Commit to building conversational spaces, not merely declaring them…

In his book Not Light, But Fire: How to Lead Meaningful Race Conversations in the Classroom (2018), Matthew R. Kay highlights the key to conducting conversations about challenging topics. “In order to nurture hard conversations about race, first we must commit to building conversational safe spaces, not merely declaring them.”

Discussion protocols support the development of the listening and speaking skills necessary for productive conversations about subjects that are difficult to talk about. They also facilitate self-reflection, honesty, inclusion, and sharing. Rooting discussion in mentor texts, art, and primary sources can also build confidence.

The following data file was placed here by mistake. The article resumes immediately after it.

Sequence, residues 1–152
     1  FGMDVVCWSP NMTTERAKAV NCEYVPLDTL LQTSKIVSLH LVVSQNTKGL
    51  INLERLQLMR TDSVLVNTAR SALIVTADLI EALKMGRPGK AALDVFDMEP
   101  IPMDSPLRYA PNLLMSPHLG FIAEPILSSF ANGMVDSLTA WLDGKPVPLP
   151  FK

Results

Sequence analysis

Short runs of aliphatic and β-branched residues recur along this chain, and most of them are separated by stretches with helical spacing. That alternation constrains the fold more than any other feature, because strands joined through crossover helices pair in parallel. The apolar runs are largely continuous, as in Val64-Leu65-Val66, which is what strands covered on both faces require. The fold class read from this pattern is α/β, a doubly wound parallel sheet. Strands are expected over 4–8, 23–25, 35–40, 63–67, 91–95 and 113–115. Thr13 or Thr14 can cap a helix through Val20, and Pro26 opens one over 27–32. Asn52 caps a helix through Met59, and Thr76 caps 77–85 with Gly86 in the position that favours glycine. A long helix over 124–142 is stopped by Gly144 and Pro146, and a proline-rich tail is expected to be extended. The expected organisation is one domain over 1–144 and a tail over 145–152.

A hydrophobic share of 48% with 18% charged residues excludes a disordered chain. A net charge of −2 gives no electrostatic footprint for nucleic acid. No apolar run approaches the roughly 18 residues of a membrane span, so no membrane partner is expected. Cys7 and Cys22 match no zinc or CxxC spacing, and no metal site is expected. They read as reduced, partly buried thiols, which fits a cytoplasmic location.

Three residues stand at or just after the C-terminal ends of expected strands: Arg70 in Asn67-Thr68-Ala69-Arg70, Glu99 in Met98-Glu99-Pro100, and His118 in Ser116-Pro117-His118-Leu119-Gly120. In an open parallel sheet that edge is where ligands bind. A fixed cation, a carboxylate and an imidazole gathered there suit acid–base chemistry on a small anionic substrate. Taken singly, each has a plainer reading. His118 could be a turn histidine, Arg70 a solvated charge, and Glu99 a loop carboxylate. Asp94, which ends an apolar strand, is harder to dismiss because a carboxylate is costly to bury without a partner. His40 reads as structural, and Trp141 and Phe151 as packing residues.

Want to try a protocol?

Try the Block Party

The Block Party

Block Party  has students mingle and share quotes in pairs, then in quads, then in a whole group. It’s a protocol rooted in a short amount of text, allows students to talk with just one person and then expand the conversation slowly until the entire class is involved.

Don’t forget to de-brief!

Spend a few minutes debriefing how it felt to use the protocol. Debriefing ensures that all voices were heard, and intentionally creates a classroom environment that feels safe for courageous conversations.

Find More Protocols

School Reform Initiative Protocols

This list is lengthy and comprehensive. Click on “Protocols by Tag” to more easily find ones that suit your purposes and goals.

Facing History Protocols

Facing History offers a broader range of “teaching strategies” that goes beyond discussion protocols to include structured classroom activities designed to “strengthen your students’ literacy skills, nurture critical thinking, and create a respectful classroom climate.”